'Scott Pilgrim vs. the World' (dir: Edgar Wright, 2010), Cert: 12A
From a Zom-Rom-Com to a Police Action-Comedy, British director Edgar Wright is hardly afraid to try new things. Both his previous pictures ‘Shaun of the Dead’ (2004) and ‘Hot Fuzz’ (2007) have gone down a storm in the United Kingdom and the United States, so it was obvious Hollywood would be approaching him soon. He was offered various projects including the remake of George A. Romero’s ‘The Crazies’ but he turned them down to make the screen adaptation of Bryan Lee O’Malley’s graphic novels entitled ‘Scott Pilgrim vs. the World’. The film blends various genres and breaks the boundaries between film and video games causing a collaborative film-going experience. It’s a gamble for most directors to take on a project of this gravity; so has Wright pulled it off, or is ‘Scott Pilgrim’ too hot to handle?
Scott Pilgrim (Michael Cera) is a total slacker. He’s “between jobs” and unmotivated; he lives with his gay friend Wallace Wells (Kieran Culkin), he’s dating a Chinese high-school girl called Knives Chau (Ellen Wong) and is the bassist in a failing band called ‘Sex Bob-omb’. However, Scott’s relaxed and awesome life is about to be turned on its head when a mysterious girl from his dreams appears in reality. This mystery girl is Ramona Flowers (Mary Elizabeth Winstead); she’s drop-dead gorgeous, glides across town on rollerblades and sports neon-coloured hair. Scott is instantly smitten and does all he can to keep Ramona re-appearing in his life. After he gets a date with her, she informs him that if they are going to be an item, Scott must take a dive into her dark past and defeat her seven evil ex-partners. Each ‘ex’ has a unique power or skill that will disadvantage Scott from winning the battles he faces, so Scott must power-up, stay loved up and get ready to face the fights of his life. As the tagline says, ‘Love is a battle, so fight for it’.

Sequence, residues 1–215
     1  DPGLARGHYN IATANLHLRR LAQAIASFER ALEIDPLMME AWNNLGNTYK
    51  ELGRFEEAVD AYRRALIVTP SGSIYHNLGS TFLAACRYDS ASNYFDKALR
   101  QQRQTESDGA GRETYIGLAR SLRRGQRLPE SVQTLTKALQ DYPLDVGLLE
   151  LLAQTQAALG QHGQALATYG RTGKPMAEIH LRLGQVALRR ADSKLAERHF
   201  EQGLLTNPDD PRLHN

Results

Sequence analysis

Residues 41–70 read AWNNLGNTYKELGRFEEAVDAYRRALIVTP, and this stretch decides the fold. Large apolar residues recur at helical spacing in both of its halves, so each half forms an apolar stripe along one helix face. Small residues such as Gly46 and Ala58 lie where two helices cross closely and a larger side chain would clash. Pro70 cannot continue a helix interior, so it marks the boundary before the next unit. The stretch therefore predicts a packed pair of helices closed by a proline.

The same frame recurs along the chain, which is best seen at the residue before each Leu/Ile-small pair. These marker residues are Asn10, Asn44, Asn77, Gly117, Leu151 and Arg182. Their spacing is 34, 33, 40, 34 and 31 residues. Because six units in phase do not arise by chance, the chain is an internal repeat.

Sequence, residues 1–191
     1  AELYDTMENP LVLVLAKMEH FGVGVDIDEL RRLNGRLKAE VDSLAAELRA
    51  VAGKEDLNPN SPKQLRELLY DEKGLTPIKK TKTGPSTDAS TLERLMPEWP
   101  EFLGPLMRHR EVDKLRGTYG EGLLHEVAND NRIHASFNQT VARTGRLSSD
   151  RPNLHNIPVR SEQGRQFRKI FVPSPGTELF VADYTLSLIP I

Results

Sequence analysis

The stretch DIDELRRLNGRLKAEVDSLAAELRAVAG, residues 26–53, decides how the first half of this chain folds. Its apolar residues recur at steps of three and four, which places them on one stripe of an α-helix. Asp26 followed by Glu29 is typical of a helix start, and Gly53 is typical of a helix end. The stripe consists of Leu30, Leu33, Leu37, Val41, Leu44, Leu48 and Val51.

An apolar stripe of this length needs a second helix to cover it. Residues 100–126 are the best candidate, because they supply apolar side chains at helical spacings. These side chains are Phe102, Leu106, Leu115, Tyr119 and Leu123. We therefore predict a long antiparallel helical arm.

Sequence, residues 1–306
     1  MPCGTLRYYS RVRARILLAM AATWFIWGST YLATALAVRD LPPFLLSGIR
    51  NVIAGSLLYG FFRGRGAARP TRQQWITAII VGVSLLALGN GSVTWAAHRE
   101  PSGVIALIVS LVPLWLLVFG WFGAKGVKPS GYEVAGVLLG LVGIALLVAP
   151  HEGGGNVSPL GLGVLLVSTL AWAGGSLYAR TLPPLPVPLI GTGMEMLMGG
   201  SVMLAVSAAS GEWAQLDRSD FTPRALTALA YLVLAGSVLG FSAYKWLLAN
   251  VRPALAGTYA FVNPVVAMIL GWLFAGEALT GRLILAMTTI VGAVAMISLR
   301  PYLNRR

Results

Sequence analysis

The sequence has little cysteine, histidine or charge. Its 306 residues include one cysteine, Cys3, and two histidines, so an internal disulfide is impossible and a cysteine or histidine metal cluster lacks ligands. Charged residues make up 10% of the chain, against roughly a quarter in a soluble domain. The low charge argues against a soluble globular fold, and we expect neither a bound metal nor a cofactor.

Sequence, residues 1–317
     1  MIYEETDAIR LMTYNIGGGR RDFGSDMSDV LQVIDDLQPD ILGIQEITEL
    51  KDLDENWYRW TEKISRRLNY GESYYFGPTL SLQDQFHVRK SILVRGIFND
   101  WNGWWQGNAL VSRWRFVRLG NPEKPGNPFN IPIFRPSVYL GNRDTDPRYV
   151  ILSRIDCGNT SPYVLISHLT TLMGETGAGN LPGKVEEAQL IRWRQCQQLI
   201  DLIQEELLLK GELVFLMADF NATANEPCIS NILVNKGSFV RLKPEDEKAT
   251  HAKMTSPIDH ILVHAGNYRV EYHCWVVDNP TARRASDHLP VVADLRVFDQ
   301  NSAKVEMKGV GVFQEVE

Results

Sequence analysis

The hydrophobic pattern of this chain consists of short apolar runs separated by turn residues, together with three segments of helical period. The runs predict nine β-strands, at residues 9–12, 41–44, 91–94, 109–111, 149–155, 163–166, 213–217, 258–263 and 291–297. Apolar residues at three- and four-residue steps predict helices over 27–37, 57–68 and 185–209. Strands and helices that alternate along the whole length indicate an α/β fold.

As a huge fan of the original novels, I was concerned as any fan would be just how this film would translate to screen. The novels are glazed with pop culture references, video game stylisation and most importantly, they are black and white. Despite lacking page colour, the characters and stories scream with colour and beauty, and I was worried how that would change for the Silver Screen. However, the moment the Universal logo appeared on the screen in retro game style and played the famous theme in 8-Bit sounds like in any original Nintendo game, I relaxed hugely. In fact, no fan of the novels needs to worry because Wright’s screen version of the beloved character is so faithful, it seems impossible that the film is only 112 minutes long. It contains 6 volumes of text and characterisation in that short space of time, but its Wright’s pace and accuracy that makes this possible. Not one moment of the film is stagnant, it’s always moving, always gaining momentum and forcing on to the next scene. But don’t think that means the fights are rushed; they are prolonged and get every moment of screen time they deserve.